We head to the Pecos River, the county's western border, and Hopper explains that the salt cedars and mesquite shrubs on its banks are being burned off; seems they've been sucking the river and the water table dry. I see more wells (most owned by interests outside Loving County) than I can count, a few head of cattle and a parade of tanker trucks.
Shortly after we venture into the desert, I spy a stick in the middle of the road. At least I think it's a stick.
"That's a rattlesnake," Hopper announces. "I'd kill it if it was closer to town, but I just leave 'em alone out here." I shudder and look out the pickup's back window, past the rifle straddling our seats. "Town" seems as if it couldn't be much closer. Then again, there's not a soul in sight for the snake to plunge its fangs into.
As we ramble around Loving County, I learn more about the sheriff. He's better traveled than most anyone I know, having spent years living in Dubai, South Africa, England, Singapore and Spain while he worked in the oil industry. When family matters intervened, he returned after a decades-long absence to his home town, once an energetic burg with hotels, a bowling alley, three grocery stores and at least five restaurants. Now there's just the Boot Track and a 25-minute drive to the nearest Wal-Mart.
"I never thought I'd end up in Mentone," he tells me, with just the slightest tinge of sadness in his voice. "Life doesn't always shell out what you'd like. But I got no complaints."
* * *
Nobody seems to get the joke in Pecos (that's pay-cuss to you, pardner) when I refer to the town of 9,500 as the "Gateway to Mentone." But Debbie Thomas, at least, wants to play along a bit.
Thomas, the director of the West of the Pecos Museum, laughs a little, then hands me a tin badge. "We usually give these out to kids," she says, "but you seem like you'd probably want one as well." Well, yeah. After spending the morning with Sheriff Hopper, I consider myself duly deputized and pin the trophy to my T-shirt.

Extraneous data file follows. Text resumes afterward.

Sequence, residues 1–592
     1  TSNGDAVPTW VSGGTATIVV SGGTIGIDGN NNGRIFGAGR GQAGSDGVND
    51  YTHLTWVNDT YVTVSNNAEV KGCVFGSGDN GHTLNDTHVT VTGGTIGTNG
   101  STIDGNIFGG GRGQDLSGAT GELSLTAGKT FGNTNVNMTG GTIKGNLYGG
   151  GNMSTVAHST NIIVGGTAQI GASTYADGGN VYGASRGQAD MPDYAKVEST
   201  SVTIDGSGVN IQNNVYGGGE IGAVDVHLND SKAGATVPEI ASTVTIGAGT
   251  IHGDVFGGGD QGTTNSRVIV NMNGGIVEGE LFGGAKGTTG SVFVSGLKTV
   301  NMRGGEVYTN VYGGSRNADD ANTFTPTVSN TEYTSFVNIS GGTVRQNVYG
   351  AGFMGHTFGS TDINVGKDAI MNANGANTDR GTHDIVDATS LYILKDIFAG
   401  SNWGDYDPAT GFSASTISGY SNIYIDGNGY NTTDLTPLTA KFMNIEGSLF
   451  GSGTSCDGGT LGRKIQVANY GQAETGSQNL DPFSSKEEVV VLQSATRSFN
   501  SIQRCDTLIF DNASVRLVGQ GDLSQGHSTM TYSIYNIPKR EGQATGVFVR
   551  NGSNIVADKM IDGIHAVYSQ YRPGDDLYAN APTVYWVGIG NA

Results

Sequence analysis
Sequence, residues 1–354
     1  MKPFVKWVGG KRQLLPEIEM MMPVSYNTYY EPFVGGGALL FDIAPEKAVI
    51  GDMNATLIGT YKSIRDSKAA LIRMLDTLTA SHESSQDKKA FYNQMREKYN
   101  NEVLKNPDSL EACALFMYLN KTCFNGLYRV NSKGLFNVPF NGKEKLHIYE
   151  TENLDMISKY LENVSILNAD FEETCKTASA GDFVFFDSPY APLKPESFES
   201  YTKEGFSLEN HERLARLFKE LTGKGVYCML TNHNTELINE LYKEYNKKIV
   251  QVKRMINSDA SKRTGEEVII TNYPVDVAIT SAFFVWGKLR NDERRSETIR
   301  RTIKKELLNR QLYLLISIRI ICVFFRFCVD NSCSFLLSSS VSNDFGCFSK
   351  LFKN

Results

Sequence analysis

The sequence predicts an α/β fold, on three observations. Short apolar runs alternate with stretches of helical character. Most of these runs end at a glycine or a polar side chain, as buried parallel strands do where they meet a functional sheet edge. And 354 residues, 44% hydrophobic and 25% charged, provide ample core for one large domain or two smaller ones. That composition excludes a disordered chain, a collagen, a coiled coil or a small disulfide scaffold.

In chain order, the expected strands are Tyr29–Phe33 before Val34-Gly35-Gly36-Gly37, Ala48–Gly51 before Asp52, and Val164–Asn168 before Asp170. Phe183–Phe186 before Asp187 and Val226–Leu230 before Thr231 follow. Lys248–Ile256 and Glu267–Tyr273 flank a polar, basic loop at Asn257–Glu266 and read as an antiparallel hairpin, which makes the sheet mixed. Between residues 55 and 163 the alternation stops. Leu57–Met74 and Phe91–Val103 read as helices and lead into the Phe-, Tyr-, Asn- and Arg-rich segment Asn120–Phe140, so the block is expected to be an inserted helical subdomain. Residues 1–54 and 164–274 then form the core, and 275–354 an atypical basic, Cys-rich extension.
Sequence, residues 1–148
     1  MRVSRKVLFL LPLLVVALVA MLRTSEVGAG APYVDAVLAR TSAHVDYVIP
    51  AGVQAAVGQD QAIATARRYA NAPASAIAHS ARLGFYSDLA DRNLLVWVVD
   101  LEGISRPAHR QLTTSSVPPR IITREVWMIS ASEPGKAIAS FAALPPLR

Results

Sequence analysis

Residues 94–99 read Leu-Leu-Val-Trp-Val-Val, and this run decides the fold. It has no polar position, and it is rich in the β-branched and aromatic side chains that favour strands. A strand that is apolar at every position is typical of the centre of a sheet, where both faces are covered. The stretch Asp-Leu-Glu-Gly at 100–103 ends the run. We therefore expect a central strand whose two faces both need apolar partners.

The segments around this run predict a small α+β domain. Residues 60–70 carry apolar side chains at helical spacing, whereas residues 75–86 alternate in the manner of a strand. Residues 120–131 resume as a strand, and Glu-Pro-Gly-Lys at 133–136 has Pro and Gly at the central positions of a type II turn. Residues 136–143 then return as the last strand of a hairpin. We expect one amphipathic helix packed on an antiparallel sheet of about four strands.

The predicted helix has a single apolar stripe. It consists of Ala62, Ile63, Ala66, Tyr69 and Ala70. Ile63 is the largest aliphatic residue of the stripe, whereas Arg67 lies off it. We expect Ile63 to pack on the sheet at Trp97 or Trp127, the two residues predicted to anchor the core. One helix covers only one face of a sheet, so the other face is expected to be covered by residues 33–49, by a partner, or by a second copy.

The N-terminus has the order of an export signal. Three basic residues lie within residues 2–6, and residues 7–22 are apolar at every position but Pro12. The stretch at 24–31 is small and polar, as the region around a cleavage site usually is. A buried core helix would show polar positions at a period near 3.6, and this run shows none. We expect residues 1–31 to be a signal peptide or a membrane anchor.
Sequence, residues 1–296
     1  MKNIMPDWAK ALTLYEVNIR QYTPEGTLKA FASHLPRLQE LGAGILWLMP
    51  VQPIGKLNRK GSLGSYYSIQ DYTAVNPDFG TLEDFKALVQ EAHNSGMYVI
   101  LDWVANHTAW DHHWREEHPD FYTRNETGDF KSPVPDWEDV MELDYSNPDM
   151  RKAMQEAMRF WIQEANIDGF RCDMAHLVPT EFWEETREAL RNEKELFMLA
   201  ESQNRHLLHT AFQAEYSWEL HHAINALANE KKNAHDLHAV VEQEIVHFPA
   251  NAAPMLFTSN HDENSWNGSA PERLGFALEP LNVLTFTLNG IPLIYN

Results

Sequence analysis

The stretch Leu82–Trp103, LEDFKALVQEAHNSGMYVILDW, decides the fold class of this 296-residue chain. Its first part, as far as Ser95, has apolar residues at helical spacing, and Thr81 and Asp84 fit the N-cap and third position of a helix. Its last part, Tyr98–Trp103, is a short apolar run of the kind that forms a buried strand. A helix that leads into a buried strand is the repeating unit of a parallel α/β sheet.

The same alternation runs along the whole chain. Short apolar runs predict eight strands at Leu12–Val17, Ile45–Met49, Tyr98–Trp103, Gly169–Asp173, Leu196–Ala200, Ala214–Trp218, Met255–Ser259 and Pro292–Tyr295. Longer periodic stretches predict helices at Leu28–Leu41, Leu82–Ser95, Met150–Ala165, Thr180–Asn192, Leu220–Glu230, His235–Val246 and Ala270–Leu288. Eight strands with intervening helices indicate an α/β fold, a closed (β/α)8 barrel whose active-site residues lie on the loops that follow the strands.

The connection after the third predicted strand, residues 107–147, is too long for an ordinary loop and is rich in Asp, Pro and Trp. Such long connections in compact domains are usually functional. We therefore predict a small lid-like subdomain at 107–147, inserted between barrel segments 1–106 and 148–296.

Pecos, proud home of the world's first rodeo in 1883, is not the prettiest place on earth, but I've rarely met more amiable people. For many road-trippers, the town is an unavoidable stopping point, situated as it is at the crossroads between Midland/Odessa, El Paso, and Big Bend and Carlsbad Caverns national parks. All are within two or three hours of Pecos, which makes it a perfect -- yet wildly imperfect -- place to call it a night.
Like Mentone, Pecos has a good bit of dusty decay, but there's also a pretty downtown street with a few shops. The rodeo is the year's big attraction (time your visit for early July), and if you like cantaloupe, the region's yearly harvest is evidently hard to beat. I'm told more than once that I should have come a few weeks earlier, when I would have been up to my armpits in fresh melon.
But cantaloupes or not, Pecos is where the hotels (mostly low-budget chains) and restaurants are, so here I am. (When I prod Thomas for dining suggestions, she asks, "What do you want, Mexican or Mexican?") There's also a depressing little zoo with buffaloes and ostriches stranded behind chain-link fences. I give it a drive-by inspection and flee. The Old West artifacts in the museum, however, are wonderful. I spend more than an hour poring over the exhibits, which pack three floors of a historic hotel and an adjoining saloon.
I end my Pecos stay with the $3.75 lunch special at La Nortena, the "home of world famous tamales for over 40 years." The tamales turn out to be world-famous-worthy, but I'm puzzled by the mystified expression on the face of the man who takes my order. Did I say something wrong? It's not until I get my food and see him staring at my chest that I realize I still have my deputy's badge pinned to my shirt.
* * *
It's about 10 p.m. and I'm back on Route 302, a few miles southwest of Mentone. I figure now is a good time to see Loving County, the loneliest place in the Lone Star State, at its loneliest.
I figure wrong. Tankers are still thundering down the road, albeit sporadically. The drilling rigs are illuminated like NASA launch pads, and I can make out the silhouettes of men working into the night. To the south, the lights from Pecos cast a faint glow.
The farther I proceed, however, the darker it becomes. The trucks disappear.
I turn down a dirt road, stopping after 100 yards. A startled jack rabbit sprints into the brush moments before I shut off my headlights, a cartoonish puff of dust swirling behind it.
The night skies are as big and bright as all of Texas. I can't hear a sound other than a low hum from . . . I don't know. Bugs? Oil wells?
I am spectacularly alone. I revel in the moment, then grab my cellphone and call my wife. I have to share this with someone.